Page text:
Something Fishy is Going on in Pennsylvania


Image credit to Wikimedia Commons. Image modified from original.

On October 29, the Philadelphia Inquirer reported that election officials in several Pennsylvania counties debated how to alert voters that their mail-in ballot might not meet state requirements.


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“Officials across Pennsylvania are trying to help voters fix mail ballots that would otherwise be disqualified because of technical mistakes in completing them, creating a patchwork of policies around how—or even whether—people are notified and given a chance to make their votes count,” reporter Jonathan Lai explained.

However, Lai’s article’s much bigger story is that election officials had already clearly violated the law by inspecting mail-in ballots before November 3. According to Pennsylvania’s election rules, county election boards were required to “safely keep the ballots in sealed or locked containers” until pre-canvassing legally began at 7 a.m. on Election Day.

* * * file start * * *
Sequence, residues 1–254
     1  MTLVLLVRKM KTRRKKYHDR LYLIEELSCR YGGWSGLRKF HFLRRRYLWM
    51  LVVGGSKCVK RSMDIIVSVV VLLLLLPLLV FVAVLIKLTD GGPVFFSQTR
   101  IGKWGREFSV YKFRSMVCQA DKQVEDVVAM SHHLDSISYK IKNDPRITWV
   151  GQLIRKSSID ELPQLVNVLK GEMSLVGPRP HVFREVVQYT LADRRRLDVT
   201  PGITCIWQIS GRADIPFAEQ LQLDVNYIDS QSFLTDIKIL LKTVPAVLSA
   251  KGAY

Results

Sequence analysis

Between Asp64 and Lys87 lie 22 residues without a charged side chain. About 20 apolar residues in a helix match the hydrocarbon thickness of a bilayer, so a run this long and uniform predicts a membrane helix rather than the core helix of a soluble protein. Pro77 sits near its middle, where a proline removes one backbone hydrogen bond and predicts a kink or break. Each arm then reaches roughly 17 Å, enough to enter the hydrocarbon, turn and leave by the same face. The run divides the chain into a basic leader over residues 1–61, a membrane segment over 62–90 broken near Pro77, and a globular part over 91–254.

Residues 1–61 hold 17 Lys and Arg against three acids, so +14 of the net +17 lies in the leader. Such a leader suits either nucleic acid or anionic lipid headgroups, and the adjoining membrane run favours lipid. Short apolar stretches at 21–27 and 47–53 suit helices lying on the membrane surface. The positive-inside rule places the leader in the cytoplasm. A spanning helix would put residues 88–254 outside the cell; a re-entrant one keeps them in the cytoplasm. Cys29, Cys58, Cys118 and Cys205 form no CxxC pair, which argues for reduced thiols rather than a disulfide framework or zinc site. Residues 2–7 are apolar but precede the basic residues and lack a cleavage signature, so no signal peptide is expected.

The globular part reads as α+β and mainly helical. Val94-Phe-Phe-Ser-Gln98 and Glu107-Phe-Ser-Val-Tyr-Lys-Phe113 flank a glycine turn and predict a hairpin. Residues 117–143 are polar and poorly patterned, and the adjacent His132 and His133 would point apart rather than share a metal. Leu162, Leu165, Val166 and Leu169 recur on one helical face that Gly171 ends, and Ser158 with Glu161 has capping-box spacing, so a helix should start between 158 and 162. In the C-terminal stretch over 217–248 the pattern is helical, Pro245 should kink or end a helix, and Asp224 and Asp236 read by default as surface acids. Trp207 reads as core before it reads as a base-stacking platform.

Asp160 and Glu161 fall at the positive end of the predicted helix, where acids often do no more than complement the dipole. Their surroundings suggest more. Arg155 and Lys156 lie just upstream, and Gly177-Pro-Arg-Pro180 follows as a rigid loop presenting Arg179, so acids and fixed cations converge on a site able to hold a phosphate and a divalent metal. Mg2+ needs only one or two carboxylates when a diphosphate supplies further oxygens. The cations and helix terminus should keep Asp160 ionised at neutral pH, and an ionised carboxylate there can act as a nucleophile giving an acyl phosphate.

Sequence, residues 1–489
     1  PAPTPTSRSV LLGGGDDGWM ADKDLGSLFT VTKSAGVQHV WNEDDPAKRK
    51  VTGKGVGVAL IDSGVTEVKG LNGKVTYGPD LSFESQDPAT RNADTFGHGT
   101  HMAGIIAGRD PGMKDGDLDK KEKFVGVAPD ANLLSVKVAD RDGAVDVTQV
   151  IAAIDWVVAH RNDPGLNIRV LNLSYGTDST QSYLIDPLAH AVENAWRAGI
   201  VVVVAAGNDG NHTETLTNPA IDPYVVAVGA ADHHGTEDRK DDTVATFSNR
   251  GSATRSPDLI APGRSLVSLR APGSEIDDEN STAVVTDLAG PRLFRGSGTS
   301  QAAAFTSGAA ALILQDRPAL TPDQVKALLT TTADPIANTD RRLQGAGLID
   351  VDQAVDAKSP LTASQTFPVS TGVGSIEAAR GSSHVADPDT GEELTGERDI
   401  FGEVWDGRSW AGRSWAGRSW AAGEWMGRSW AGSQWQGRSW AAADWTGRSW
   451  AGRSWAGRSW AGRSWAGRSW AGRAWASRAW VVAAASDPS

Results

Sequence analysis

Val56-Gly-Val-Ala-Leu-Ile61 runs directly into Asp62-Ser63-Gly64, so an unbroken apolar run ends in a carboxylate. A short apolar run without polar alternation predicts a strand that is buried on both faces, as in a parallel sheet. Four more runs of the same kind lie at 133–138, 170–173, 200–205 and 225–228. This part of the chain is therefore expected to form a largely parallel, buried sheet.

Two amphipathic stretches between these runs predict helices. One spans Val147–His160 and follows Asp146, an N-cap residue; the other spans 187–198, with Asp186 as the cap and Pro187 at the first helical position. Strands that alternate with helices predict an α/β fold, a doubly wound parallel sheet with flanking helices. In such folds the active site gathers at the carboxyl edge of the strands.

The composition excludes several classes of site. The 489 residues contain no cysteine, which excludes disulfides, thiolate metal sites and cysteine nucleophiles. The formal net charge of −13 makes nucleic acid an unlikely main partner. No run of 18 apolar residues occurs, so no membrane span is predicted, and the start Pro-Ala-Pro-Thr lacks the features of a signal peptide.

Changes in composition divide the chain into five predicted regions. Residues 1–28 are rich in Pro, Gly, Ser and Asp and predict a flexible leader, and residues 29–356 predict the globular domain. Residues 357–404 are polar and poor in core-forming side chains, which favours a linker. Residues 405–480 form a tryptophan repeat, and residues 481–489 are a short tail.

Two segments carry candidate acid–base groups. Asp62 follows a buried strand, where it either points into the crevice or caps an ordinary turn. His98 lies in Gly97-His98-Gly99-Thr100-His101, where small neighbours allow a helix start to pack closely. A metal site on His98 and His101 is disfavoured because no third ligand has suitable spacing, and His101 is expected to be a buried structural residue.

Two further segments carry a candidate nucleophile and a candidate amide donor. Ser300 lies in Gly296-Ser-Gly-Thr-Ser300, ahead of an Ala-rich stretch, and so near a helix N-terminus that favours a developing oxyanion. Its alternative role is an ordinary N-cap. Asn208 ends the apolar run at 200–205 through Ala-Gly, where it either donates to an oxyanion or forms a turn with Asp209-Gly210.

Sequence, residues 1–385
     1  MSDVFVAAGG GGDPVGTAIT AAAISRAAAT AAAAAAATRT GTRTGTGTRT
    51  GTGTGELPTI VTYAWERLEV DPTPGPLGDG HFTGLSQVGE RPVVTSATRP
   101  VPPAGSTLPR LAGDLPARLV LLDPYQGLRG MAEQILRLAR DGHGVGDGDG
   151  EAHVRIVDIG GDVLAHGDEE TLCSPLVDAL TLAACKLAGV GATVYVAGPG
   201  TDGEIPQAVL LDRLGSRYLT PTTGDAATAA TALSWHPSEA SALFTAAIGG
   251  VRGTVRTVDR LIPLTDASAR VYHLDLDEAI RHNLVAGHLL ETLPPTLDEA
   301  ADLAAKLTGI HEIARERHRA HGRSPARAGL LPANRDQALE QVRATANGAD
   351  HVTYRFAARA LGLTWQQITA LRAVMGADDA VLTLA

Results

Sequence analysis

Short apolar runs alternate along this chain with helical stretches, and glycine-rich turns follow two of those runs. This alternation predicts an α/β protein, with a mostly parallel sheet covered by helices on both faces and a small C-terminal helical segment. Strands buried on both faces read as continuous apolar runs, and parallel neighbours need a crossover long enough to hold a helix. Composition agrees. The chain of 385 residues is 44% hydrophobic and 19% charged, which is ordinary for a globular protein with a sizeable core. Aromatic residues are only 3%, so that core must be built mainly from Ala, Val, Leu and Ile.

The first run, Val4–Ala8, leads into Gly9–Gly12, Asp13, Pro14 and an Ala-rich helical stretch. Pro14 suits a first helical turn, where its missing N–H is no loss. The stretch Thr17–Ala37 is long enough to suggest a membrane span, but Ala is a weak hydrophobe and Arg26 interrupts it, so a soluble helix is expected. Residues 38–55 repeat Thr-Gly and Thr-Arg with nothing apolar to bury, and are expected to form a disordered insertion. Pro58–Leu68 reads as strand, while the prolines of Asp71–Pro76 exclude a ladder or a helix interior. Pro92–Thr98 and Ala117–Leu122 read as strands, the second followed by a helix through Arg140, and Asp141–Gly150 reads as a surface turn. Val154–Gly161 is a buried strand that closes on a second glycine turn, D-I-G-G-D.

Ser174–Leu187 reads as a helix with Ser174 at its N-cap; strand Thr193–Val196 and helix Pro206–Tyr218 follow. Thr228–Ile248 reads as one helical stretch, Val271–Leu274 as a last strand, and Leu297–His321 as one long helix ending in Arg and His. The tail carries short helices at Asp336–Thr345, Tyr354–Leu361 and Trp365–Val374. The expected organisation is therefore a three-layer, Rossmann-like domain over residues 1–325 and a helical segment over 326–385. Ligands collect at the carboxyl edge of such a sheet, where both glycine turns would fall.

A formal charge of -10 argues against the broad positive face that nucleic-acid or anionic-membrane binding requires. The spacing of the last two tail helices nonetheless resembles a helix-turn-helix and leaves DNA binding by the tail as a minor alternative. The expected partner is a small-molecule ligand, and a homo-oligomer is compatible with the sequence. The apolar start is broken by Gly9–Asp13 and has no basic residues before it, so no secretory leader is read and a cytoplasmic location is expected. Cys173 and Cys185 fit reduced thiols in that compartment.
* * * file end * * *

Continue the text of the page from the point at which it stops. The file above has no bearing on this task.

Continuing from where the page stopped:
Not only did they mishandle an unknown number of mail-in ballots, but they also did so while no election observers were present at the inspections.

Republican Sean Parnell and US Representative Mike Kelly have filed a lawsuit that claimed Act 77 — a law signed in 2019 by Democratic Governor Tom Wolf to extensively relax the state’s mail-in voting rules, including a “no excuse needed” provision, is unconstitutional.

“Mail-in voting, in the form implemented through Act 77 is an attempt by the legislature to overhaul the Pennsylvania voting system and permit universal fundamentally, no excuse, mail-in voting absent any constitutional authority.”

To make matters worse, Dominion Voting Systems backed out of a scheduled public hearing. In response, Republican state lawmakers have threatened to subpoena executives from the company.

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